Here is a compilation of Hurricane Sandy’s expected impacts produced by Early Alert, an emergency management consulting service based in Islamorada, Florida.
The highest storm surges are most likely to occur tonight through Tuesday morning during high tide. Major coastal flooding causing road closures, inundation and damage to structures is expected along the coasts of New Jersey; Long Island, New York; Connecticut and the southern coast of Massachusetts. The highest water levels are likely to occur from northeastern New Jersey through the western Long Island Sound in New York.
Minor to moderate coastal flooding is expected from eastern Massachusetts northward, resulting in flooded basements, road overwash, and some structural damage.
The highest storm surge, around 12 feet, is expected from Sandy Hook, New Jersey through the western Long Island Sound, including Raritan Bay and New York Harbor.
A storm surge of four to eight feet is expected along the coast of central and southern New Jersey, and from eastern Connecticut to the southern shore of Rhode Island.
Hurricane and tropical storm force winds will continue overnight into Tuesday from the Delmarva Peninsula through New Jersey, Long Island and the southern New England coast. Hurricane-force winds are at least 74 mph, while tropical-storm-force winds are from 39 mph to 73 mph.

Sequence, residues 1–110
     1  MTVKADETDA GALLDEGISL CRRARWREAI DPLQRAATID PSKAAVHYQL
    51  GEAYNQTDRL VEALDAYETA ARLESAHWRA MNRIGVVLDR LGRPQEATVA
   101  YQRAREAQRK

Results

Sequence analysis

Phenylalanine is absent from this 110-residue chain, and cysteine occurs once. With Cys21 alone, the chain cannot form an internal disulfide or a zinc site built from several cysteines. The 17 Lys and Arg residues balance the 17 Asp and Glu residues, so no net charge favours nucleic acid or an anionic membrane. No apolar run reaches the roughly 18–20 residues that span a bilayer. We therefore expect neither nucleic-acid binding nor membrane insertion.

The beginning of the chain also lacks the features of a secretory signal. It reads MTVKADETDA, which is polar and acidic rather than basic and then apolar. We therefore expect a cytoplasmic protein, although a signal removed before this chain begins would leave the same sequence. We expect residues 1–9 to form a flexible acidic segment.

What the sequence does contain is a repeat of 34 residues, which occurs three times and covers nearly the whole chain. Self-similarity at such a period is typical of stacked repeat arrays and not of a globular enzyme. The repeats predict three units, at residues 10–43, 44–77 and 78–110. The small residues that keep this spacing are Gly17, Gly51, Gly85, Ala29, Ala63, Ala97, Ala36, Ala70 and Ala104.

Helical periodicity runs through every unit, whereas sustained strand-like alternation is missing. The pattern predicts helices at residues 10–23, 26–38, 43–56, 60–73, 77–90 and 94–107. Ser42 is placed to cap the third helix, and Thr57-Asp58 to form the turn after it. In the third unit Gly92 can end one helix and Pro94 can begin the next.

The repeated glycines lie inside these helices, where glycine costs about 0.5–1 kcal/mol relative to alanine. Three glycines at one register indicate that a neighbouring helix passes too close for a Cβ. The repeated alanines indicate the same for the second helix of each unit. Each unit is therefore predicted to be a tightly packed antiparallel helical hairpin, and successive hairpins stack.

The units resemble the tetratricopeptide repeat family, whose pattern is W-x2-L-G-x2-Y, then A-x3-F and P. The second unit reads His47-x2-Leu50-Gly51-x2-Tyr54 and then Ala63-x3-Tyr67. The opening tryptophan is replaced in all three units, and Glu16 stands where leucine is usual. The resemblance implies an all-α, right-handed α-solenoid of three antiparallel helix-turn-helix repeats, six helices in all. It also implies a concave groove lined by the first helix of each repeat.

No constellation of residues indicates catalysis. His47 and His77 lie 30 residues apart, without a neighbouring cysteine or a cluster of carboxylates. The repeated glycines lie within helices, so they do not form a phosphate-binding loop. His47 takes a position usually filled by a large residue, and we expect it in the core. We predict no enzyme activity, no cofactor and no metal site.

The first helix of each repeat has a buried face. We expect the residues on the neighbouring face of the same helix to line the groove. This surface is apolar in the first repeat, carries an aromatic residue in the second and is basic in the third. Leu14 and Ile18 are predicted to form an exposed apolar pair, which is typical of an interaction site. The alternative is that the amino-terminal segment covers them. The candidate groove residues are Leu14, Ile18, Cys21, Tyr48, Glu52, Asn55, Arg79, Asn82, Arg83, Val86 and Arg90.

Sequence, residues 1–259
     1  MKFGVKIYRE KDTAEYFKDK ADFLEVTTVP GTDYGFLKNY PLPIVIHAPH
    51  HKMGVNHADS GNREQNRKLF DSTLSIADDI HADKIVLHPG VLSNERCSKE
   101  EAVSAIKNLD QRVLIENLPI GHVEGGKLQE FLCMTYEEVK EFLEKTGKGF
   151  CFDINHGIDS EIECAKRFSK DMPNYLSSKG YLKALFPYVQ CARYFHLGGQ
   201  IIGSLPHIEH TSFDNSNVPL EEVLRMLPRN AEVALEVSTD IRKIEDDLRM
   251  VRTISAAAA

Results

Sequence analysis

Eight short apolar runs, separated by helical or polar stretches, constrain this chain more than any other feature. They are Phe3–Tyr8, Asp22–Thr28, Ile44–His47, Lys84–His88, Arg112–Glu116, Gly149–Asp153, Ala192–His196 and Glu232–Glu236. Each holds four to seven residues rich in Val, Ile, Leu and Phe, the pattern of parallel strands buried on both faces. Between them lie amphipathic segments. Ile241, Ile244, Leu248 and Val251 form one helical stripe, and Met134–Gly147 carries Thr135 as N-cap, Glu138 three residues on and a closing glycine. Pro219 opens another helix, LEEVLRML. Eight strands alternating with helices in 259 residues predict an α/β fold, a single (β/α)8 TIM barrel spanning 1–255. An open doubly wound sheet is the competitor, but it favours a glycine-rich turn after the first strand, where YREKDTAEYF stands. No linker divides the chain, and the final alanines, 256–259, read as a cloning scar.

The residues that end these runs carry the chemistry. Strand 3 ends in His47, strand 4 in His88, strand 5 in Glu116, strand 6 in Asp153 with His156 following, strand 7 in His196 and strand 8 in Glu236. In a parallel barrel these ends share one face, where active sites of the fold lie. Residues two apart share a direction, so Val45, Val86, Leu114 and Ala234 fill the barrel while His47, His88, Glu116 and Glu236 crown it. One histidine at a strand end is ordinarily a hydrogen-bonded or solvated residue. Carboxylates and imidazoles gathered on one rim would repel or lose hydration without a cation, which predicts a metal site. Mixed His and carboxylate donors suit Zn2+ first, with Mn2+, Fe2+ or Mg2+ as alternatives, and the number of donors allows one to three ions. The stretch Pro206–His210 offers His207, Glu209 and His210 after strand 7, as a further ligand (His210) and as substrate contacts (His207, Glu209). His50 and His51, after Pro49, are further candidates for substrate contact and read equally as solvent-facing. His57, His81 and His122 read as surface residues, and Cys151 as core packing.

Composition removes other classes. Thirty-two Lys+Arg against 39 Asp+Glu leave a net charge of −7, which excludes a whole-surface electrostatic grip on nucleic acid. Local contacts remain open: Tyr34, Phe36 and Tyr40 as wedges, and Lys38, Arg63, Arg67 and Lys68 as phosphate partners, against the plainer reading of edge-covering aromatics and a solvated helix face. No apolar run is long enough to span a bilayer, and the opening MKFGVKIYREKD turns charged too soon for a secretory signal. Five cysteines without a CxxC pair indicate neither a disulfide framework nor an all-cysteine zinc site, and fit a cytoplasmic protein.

Hurricane-force winds will extend as far as 175 miles from the storm’s center, while tropical-storm-force winds will extend as far as 485 miles from the storm’s center.
Once Sandy has made landfall, the storm will move slowly through central Pennsylvania Tuesday afternoon and Tuesday night, with maximum winds decreasing from about 70 mph to about 50 mph by Tuesday night.
The storm’s remnants will move through New York state Wednesday night with winds around 40 mph.
Major coastal flooding will worsen with the next high tide cycle this evening from Ocean City, Maryland to the coasts of New Jersey, Connecticut, and Rhode Island and the Long Island Sound and New York Harbor in New York.
Rainfall totals from Sandy will range from six inches to 14 inches, and could be more on the Delmarva Peninsula and in New Jersey.
Estimated rainfall amounts at cities on the East Coast since Friday included: Norfolk, Virginia, 5 to 6 inches; Washington, D.C. 2 to 4 inches; Baltimore, 3 to 5 inches; Dover, Delaware, 6 to 8 inches; Philadelphia, 2 to 3 inches; Atlantic City, 4 to 6 inches.
The remnants of Hurricane Sandy and its effects could linger in the Northeast and Mid-Atlantic states through Thursday.
Willie Drye has been writing about hurricanes and other topics for National Geographic News since 2003. Follow his blog, Drye Goods.